Great! Freedom and human rights - here we come :cat:

HippityHop
Oct 25th, 2011, 12:48 PM
Well Saddam was held for two years and had a trial before he got his just desserts. It's funny that a lot of the people who shed tears for him are not shedding them for Gadhafi. I wonder what the difference is.

Expat
Oct 26th, 2011, 06:34 AM
I am sorry but I don't understand why anyone is criticizing how they killed Gaddafi? Their concepts of values, honor, family, revenge are different from Western world. Why are you holding them to western standards? As it is the supposed reason for intervention in Libya was a "possible" massacre in Benghazi but I don't see any intervention in Syria when there is a real massacre out there. Nor for Bahrain where we actually are supporting Saudi Arabia in quelling the rebellion. Why do you expect them to uphold western values when the west does not do it itself?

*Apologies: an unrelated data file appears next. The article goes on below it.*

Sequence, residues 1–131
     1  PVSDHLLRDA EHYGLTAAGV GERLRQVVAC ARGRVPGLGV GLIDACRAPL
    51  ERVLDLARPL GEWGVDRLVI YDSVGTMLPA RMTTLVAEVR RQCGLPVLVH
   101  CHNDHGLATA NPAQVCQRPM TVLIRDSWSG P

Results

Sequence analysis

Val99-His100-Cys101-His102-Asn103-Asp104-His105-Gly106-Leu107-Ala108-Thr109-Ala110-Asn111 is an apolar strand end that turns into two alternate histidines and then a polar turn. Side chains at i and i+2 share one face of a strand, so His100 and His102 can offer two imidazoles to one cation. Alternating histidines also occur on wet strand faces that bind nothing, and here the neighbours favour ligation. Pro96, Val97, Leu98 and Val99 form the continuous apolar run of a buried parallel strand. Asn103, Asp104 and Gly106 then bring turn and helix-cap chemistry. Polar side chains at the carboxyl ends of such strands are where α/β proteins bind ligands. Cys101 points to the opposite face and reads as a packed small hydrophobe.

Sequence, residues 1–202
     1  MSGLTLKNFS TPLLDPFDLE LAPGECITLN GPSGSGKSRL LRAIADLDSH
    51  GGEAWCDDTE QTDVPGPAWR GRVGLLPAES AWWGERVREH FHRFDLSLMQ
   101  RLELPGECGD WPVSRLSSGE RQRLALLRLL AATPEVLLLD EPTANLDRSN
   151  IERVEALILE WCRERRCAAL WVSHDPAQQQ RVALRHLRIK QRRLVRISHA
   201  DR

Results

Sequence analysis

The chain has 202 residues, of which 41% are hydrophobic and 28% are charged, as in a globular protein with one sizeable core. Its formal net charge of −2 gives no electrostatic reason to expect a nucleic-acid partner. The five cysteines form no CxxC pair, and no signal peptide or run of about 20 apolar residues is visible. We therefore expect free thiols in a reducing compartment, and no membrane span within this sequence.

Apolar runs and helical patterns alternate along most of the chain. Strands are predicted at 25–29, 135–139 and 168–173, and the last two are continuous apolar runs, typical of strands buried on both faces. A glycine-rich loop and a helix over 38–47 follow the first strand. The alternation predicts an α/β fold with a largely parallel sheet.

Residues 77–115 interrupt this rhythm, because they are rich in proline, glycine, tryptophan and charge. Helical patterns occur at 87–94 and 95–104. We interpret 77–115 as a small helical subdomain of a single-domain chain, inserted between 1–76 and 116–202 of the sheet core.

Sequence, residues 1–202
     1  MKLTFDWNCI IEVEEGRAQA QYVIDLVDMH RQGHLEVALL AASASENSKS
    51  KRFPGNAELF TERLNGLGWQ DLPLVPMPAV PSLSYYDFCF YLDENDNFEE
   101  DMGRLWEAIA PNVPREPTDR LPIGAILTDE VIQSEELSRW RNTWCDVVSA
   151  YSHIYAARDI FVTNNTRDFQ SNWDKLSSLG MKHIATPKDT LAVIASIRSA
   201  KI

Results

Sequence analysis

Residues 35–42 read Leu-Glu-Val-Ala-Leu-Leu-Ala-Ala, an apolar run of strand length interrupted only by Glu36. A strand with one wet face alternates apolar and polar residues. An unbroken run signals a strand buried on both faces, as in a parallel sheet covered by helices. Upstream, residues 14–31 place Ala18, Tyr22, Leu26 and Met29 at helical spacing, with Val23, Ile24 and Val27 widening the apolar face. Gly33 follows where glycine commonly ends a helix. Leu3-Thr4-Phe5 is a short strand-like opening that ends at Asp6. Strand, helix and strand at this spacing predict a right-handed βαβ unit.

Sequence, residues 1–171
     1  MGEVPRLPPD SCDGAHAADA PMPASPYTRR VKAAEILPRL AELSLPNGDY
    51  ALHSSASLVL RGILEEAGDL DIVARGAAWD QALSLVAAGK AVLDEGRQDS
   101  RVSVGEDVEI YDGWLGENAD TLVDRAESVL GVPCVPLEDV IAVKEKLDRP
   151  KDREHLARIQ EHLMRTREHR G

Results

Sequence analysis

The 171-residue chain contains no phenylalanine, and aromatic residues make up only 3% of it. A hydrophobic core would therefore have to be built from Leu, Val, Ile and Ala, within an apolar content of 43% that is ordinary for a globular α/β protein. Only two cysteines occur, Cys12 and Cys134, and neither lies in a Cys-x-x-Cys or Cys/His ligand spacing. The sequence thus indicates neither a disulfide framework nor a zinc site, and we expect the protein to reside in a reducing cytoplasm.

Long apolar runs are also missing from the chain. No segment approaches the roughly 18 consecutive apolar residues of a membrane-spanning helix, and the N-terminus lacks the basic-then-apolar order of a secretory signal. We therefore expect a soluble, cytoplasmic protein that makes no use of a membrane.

fifty-fifty
Oct 27th, 2011, 12:10 AM
Look at the Gen Clark opening of the video made in 2007

EsQtxF_eNjk&feature=related

NoppaNoppa
Oct 27th, 2011, 03:54 PM
Look at the Gen Clark opening of the video made in 2007

EsQtxF_eNjk&feature=related

RussiaToday isn´t what one calls reliable source. Then again, they seem more reliable than western media. What the fuck has happened to western media, when Putin media (RT is 100% controlled by Kremlin) is more reliable than ours?!

visionsen
Oct 28th, 2011, 06:39 AM
He is dead and gone forever l remember reading a news credited to him in which he said, he will fight till his last blood.Now the latest news is that the family of the deceased Libyan strongman Moammar Gadhafi will file a war crimes complaint against NATO with the International Criminal Court, a lawyer representing the family said Thursday.

Members of the family believe NATO's actions led to Gadhafi's death last week, said Marcel Ceccaldi.

Lin Lin
Oct 28th, 2011, 08:40 AM
Ghdafi got sexual assault when captured:eek: